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This paper examines the political origins of feminist art in the 1960's and addresses the social climate that brought on the birth of the art movement. It describes the divisive nature of the feminist versus universal art debate. The paper argues that the civil rights movement in companion with feminist art has ceased to be a "movement". In addition, the paper describes art works of well know female artists of this era.
From the Paper:"Feminist art as a named movement evolved in the context of the late 1960's early 1970's political climate. The movement contextually cannot be separated from larger civil rights movements and specifically those relating to women; like the sexual revolution, the women's liberation movement, and the formation and growth of groups like the National Organization for Women. Strictly speaking there can be no real separation of the feminist art movement from the civil rights movements in its context because so much of art of the era acted as the voice and vision of the messages of the movements as a whole. Though there are of coarse exceptions to this rule, art as a whole during this period was a demonstrative agent for social change and feminist art is definitely included in that context."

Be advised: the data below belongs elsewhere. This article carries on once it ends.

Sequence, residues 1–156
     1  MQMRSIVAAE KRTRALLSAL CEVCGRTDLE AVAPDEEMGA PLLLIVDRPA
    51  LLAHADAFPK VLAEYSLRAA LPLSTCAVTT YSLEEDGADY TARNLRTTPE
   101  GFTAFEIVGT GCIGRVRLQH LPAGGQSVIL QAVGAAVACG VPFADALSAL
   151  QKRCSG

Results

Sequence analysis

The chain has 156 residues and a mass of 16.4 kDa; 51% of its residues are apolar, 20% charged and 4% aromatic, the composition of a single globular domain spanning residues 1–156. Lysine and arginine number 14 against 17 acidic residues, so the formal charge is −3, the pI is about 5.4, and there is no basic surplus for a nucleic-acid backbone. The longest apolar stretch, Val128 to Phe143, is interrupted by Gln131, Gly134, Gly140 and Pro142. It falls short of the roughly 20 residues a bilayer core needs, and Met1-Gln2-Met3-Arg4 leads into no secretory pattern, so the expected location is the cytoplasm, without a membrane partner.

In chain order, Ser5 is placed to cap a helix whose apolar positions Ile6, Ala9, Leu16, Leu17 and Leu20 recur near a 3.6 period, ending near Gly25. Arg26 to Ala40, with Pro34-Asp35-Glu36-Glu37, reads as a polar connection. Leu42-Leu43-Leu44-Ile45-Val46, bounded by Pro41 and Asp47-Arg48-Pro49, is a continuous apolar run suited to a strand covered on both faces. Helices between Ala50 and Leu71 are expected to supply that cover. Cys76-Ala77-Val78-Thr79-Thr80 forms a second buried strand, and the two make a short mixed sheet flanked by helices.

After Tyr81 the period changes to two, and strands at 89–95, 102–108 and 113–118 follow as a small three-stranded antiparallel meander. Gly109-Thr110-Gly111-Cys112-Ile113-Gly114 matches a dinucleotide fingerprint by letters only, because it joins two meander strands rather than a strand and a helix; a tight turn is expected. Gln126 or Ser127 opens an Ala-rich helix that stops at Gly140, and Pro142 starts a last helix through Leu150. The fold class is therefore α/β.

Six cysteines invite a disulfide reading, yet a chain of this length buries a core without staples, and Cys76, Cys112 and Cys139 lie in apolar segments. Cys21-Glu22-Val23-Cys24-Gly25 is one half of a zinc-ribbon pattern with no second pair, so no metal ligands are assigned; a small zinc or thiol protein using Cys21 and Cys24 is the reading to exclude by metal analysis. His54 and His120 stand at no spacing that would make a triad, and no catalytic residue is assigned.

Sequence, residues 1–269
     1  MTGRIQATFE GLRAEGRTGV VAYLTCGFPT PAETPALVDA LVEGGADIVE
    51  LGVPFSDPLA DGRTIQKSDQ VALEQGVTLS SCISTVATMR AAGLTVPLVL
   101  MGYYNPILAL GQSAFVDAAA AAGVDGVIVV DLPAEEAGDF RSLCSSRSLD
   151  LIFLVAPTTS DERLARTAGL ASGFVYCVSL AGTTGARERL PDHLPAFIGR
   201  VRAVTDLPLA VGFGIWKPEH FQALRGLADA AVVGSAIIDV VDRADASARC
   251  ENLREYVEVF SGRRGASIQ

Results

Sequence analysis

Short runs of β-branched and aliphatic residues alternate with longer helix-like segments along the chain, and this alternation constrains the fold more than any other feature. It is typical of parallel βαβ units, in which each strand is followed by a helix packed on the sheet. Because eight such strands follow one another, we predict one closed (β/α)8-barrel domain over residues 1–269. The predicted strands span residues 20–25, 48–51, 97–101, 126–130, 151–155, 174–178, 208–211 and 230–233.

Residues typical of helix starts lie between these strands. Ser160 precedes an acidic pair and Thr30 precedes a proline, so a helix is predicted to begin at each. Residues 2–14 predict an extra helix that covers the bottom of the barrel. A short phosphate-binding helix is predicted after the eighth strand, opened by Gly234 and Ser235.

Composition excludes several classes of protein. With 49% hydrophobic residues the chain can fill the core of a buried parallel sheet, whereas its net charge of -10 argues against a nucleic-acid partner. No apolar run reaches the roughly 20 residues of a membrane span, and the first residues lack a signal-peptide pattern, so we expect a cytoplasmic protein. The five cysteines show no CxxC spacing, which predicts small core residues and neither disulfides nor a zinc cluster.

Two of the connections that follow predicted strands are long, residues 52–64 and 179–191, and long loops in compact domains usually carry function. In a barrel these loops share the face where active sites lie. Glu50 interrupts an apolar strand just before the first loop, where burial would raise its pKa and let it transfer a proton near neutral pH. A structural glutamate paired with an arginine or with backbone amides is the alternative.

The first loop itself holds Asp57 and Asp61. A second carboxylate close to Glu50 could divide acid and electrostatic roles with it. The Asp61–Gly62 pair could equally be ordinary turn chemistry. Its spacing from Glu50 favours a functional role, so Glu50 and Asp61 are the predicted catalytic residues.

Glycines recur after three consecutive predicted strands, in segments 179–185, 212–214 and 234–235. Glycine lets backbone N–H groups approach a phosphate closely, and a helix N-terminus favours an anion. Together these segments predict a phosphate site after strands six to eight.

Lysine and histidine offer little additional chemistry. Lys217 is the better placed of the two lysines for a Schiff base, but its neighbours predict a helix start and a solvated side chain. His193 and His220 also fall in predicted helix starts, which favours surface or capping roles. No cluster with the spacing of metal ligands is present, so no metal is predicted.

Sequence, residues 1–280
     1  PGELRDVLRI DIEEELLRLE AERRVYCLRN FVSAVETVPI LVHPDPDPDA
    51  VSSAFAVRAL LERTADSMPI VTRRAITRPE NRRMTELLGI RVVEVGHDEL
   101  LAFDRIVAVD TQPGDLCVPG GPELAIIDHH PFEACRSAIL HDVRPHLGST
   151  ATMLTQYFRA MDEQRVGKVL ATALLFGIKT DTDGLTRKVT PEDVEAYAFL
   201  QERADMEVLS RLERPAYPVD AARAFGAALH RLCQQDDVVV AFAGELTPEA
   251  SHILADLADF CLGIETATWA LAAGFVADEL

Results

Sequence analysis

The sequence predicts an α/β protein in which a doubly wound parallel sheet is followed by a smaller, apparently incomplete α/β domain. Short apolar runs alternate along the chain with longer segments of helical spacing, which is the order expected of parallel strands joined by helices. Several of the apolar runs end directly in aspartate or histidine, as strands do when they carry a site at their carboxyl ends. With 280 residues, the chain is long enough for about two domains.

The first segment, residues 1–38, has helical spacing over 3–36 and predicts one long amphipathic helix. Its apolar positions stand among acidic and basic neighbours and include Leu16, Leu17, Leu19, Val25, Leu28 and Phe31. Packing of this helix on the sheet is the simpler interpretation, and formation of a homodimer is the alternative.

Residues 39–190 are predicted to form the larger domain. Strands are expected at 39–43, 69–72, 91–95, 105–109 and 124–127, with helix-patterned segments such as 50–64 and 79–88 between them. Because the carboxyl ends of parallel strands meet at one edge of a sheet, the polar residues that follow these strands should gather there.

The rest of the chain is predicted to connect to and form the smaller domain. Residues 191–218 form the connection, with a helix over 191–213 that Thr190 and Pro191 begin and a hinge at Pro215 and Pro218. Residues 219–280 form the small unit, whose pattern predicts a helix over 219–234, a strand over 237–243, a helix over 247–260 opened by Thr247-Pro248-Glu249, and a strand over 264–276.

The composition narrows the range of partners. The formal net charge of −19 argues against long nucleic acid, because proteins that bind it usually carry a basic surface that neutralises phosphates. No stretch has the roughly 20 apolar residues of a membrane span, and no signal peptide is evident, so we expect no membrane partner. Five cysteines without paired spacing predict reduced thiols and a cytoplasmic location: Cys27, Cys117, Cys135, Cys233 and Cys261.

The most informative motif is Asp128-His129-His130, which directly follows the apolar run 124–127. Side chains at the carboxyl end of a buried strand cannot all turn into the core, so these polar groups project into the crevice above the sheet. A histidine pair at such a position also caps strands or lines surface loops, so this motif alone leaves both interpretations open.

Cite this Term Paper:
Feminist Art (2003, March 28) Retrieved January 21, 2021, from https://www.academon.com/term-paper/feminist-art-22830/
"Feminist Art" 28 March 2003. Web. 21 January. 2021. <https://www.academon.com/term-paper/feminist-art-22830/>